Investigating Students’ Use of a Social Annotation Tool in an English for Science and Technology Course

  • Jianqiu TianEmail author
Conference paper
Part of the Lecture Notes in Computer Science book series (LNCS, volume 11984)


This study investigates the linguistic and pedagogical benefits and challenges of using a digital annotation tool (called Perusall) to facilitate second language (L2) reading in an advanced English language course at university level. The goals of the study are to analyze the students’ reading and annotating behavior, examine the effects of social reading on their understanding of English for science and technology texts and investigate how an L2 teacher might effectively incorporate this activity in his/her classroom. The results indicate that students spent an above average amount of time reading (compared to that reported in the literature) and that most students completed their reading assignments before class with the Perusall platform. Moreover, they predominantly used the social reading experience to summarize the sections of the long article, and query fellow students about the meaning of difficult and transitional sentences. Perusall allowed students to co-construct meaning and scaffold their learning while engaged in close readings of the science and technology texts outside of the physical classroom. Drawbacks of social reading in this environment are primarily others’ comments impeding some students’ understanding of the text and students’ frustrations with some technical aspects of the Perusall tool. Pedagogical suggestions regarding L2 social reading include better integrating students’ virtual comments into classroom discussion/activities, and offering more structure for students.


Social annotation tool L2 reading English for science and technology 


  1. 1.
    Abraham, L.B.: Computer-mediated glosses in second language reading comprehension and vocabulary learning: a meta-analysis. Comput. Assisted Lang. Learn. 21(3), 199–226 (2008)CrossRefGoogle Scholar
  2. 2.
    Ariew, R., Ercetin, G.: Exploring the potential of hypermedia annotations for second language reading. Comput. Assisted Lang. Learn. 17(2), 237–259 (2004)CrossRefGoogle Scholar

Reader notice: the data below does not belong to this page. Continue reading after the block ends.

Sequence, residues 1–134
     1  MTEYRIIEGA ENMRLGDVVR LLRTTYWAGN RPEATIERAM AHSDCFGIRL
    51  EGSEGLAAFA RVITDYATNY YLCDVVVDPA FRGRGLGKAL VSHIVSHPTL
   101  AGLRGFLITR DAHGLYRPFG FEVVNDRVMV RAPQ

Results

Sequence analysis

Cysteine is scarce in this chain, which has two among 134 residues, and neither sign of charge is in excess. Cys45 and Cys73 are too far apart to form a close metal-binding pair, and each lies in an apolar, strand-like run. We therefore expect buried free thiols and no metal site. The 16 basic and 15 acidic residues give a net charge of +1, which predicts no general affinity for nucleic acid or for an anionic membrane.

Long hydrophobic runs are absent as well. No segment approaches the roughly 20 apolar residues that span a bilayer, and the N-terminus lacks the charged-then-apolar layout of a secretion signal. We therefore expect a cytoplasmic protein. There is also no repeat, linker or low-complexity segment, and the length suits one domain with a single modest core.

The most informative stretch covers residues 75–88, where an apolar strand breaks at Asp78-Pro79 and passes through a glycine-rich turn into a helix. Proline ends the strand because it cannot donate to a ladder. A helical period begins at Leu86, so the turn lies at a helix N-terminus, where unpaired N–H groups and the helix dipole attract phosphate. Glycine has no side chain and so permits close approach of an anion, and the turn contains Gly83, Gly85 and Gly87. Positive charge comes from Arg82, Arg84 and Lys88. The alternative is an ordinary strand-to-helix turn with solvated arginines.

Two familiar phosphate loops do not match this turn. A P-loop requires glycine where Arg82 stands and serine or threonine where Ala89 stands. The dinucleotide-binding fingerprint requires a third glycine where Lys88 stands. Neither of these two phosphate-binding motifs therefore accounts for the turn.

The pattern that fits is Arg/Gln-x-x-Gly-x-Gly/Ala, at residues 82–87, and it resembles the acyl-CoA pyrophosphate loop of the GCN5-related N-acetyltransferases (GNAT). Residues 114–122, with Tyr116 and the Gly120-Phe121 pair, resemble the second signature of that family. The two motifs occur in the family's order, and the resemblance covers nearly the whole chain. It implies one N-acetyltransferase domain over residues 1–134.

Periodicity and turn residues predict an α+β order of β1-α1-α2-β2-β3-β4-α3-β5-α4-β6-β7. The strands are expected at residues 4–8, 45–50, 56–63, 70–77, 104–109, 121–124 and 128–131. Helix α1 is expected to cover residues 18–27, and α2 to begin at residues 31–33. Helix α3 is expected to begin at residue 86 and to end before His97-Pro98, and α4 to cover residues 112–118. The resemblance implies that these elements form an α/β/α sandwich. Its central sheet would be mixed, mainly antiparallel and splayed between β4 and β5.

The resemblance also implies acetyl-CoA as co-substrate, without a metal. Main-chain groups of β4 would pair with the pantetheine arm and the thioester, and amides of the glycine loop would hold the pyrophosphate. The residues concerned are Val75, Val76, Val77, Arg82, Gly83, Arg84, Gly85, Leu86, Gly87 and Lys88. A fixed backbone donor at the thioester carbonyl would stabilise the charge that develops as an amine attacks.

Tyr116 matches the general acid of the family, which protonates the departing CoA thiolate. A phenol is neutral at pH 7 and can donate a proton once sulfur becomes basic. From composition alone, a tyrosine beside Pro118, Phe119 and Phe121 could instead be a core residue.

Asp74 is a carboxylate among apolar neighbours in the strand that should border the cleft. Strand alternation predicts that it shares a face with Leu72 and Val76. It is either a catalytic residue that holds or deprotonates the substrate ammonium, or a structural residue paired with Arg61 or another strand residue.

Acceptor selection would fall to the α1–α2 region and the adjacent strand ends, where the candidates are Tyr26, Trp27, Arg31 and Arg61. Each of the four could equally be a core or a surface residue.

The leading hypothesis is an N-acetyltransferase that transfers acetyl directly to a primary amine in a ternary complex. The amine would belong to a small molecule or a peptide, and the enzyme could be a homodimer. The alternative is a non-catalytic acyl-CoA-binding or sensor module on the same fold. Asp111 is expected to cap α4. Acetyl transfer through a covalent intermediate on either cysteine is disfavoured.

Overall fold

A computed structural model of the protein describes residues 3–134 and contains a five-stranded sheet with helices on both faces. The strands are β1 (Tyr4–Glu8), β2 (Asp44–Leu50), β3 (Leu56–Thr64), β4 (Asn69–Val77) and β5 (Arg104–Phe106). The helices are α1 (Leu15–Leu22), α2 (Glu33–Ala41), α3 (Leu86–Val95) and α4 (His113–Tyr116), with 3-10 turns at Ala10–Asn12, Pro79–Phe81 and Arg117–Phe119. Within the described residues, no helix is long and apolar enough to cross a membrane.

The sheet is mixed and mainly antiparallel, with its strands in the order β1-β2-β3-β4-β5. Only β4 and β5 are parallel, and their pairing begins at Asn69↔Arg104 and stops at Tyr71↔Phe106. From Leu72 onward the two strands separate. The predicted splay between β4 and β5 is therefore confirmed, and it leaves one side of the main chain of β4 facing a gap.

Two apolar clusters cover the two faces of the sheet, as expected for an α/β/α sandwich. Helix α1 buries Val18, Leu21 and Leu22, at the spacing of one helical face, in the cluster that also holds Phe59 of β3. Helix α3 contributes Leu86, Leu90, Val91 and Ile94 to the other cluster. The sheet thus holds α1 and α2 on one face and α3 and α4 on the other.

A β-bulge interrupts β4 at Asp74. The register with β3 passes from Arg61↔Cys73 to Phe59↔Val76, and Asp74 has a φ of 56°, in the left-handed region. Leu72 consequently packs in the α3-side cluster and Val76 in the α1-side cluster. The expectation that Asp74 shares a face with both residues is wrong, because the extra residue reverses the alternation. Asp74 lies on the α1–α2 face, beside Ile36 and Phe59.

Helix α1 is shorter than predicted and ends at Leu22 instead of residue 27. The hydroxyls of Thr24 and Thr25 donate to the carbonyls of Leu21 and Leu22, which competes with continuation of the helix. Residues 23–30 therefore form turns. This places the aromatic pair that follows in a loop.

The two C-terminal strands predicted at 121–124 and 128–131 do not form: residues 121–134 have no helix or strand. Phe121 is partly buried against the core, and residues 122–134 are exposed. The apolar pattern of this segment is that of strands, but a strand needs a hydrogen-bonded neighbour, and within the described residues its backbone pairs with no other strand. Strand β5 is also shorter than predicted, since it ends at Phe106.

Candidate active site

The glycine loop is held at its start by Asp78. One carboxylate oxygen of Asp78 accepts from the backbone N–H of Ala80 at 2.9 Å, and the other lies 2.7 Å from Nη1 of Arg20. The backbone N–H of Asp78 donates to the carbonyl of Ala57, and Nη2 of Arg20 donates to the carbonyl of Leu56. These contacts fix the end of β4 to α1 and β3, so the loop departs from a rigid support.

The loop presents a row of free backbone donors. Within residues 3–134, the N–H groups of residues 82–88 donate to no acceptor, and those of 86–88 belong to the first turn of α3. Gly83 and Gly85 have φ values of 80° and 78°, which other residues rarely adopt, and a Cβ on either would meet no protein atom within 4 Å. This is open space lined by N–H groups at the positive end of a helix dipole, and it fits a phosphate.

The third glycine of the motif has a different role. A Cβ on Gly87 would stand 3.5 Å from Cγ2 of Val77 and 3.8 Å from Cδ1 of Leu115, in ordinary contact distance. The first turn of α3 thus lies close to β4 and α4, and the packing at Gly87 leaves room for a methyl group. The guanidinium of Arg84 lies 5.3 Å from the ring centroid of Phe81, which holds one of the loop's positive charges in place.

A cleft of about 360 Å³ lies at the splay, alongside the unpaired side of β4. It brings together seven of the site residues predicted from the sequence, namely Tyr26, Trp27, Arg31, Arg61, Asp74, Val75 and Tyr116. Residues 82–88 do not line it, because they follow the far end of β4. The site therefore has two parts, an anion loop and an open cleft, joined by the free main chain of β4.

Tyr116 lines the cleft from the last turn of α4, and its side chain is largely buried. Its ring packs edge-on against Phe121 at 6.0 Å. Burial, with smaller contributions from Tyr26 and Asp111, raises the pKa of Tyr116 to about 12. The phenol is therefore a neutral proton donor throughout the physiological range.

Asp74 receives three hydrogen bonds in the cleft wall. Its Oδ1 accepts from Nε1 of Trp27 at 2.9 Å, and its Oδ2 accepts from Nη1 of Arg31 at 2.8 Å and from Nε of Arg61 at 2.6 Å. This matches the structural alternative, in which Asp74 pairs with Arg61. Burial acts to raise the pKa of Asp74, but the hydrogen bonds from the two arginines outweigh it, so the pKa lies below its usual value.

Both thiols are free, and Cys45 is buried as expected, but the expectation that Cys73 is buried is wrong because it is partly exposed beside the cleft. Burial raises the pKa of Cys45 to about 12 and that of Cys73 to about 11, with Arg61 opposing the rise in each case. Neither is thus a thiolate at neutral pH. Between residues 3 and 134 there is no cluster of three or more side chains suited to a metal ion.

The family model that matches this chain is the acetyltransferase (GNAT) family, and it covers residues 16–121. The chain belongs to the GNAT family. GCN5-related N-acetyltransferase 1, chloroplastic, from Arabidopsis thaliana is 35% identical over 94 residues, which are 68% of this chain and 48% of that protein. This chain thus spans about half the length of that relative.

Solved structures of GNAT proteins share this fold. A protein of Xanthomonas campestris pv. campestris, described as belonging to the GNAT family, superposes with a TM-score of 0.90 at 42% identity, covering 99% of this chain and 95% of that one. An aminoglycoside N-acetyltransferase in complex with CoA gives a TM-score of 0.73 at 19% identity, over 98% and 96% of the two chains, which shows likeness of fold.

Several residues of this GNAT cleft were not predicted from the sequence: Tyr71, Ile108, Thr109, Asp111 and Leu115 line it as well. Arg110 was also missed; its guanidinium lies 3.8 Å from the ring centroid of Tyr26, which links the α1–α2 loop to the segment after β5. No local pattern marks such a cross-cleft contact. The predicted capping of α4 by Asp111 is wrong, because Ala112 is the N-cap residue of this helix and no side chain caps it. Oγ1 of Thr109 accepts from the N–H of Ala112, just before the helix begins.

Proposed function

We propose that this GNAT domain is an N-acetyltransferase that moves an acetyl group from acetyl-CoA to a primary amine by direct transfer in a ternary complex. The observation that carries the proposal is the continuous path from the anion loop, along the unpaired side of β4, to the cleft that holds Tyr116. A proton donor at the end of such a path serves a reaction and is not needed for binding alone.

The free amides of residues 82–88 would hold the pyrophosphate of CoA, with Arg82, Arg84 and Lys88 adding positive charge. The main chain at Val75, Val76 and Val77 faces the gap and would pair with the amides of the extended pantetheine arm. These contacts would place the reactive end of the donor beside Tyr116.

3. 3.
    Johnson, T.E., Archibald, T.N., Tenenbaum, G.: Individual and team annotation effects on students’ reading comprehension, critical thinking, and meta-cognitive skills. Comput. Hum. Behav. 26(6), 1496–1507 (2010)CrossRefGoogle Scholar
  4. 4.
    Kawasaki, Y., Sasaki, H., Yamaguchi, H., Yamaguchi, Y.: Effectiveness of highlighting as a prompt in text reading on a computer monitor. In: Proceedings of the 8th WSEAS International Conference on Multimedia systems and signal processing, pp. 311–315. World Scientific and Engineering Academy and Society (WSEAS), Hangzhou, China (2008)Google Scholar
  5. 5.
    Cadiz, J.J., Gupta, A., Grudin, J.: Using Web annotations for asynchronous collaboration around documents. In: Durand, D.G. (ed.) Proceedings of the 2000 ACM Conference on Computer Supported Cooperative Work, pp. 309–318. ACM, (2000)Google Scholar
  6. 6.
    Jonassen, D.H.: Computers in the Classroom: Mindtools for Critical Thinking. Prentice-Hall, Upper Saddle River (1996)Google Scholar
  7. 7.
    Gao, F.: A case study of using a social annotation tool to support collaboratively learning. Internet High. Educ. 17, 76–83 (2013)CrossRefGoogle Scholar
  8. 8.
    Lu, J., Deng, L.: Examining students’ use of online annotation tools in support of argumentative reading. Australas. J. Educ. Technol. 29(2), 161–171 (2013)CrossRefGoogle Scholar
  9. 9.
    Yang, X., Yu, S., Sun, Z.: The effect of collaborative annotation on Chinese reading level in primary schools in China. Br. J. Edu. Technol. 44(1), 95–111 (2013)CrossRefGoogle Scholar
  10. 10.
    Nor, N.F.M., Azman, H., Hamat, A.: Investigating students’ use of online annotation tool in an online reading environment. 3L: Lang. Linguist. Lit. 19(3), 87–101 (2013)Google Scholar
  11. 11.
    Tseng, S.-S., Yeh, H.-C., Yang, S-h: Promoting different reading comprehension levels through online annotations. Comput. Assisted Lang. Learn. 28(1), 41–57 (2015)CrossRefGoogle Scholar
  12. 12.
    Thoms, J.J., Poole, F.: Investigating linguistic, literary, and social affordances of L2 collaborative reading. Lang. Learn. Technol. 21(2), 139–156 (2017)Google Scholar
  13. 13.
    Thoms, J.J., Sung, K.-Y., Poole, F.: Investigating the linguistic and pedagogical affordances of an L2 open reading environment via eComma: An exploratory study in a Chinese language course. System 69, 38–53 (2017)CrossRefGoogle Scholar
  14. 14.
    Van Lier, L.: The Ecology and Semiotics of Language Learning: A Sociocultural Perspective. Kluwer Academic Publishers, Boston (2004)CrossRefGoogle Scholar
  15. 15.
    Vygotsky, L.S.: Mind in Society: The Development of Higher Psychological Processes. Harvard University Press, Cambridge (1980)CrossRefGoogle Scholar
  16. 16.
    Downes, S.: Creating an Online Learning Community [PowerPoint Slides]. Accessed 19 Aug 2019
  17. 17.
    Webb, N.M., Nemer, K., Chizhik, A., Sugrue, B.: Using Group Collaboration as a Window into Students’ Cognitive Processes. National Center for Research on Evaluation Standards, and Student Testing (CRESST), Los Angeles, CA (1995)Google Scholar
  18. 18.
    Crouch, C.H., Mazur, E.: Peer instruction: ten years of experience and results. Am. J. Phys. 69(9), 970–977 (2001)CrossRefGoogle Scholar
  19. 19.
    Miller, K., Lukoff, B., King, G., Mazur, E.: Use of a Social Annotation Platform for Pre-Class Reading Assignments in a Flipped Introductory Physics Class. Front. Educ. 3(8), 1–12 (2018)Google Scholar

Copyright information

© Springer Nature Switzerland AG 2020

Authors and Affiliations

  1. 1.School of Foreign LanguagesPeking UniversityBeijingChina

Personalised recommendations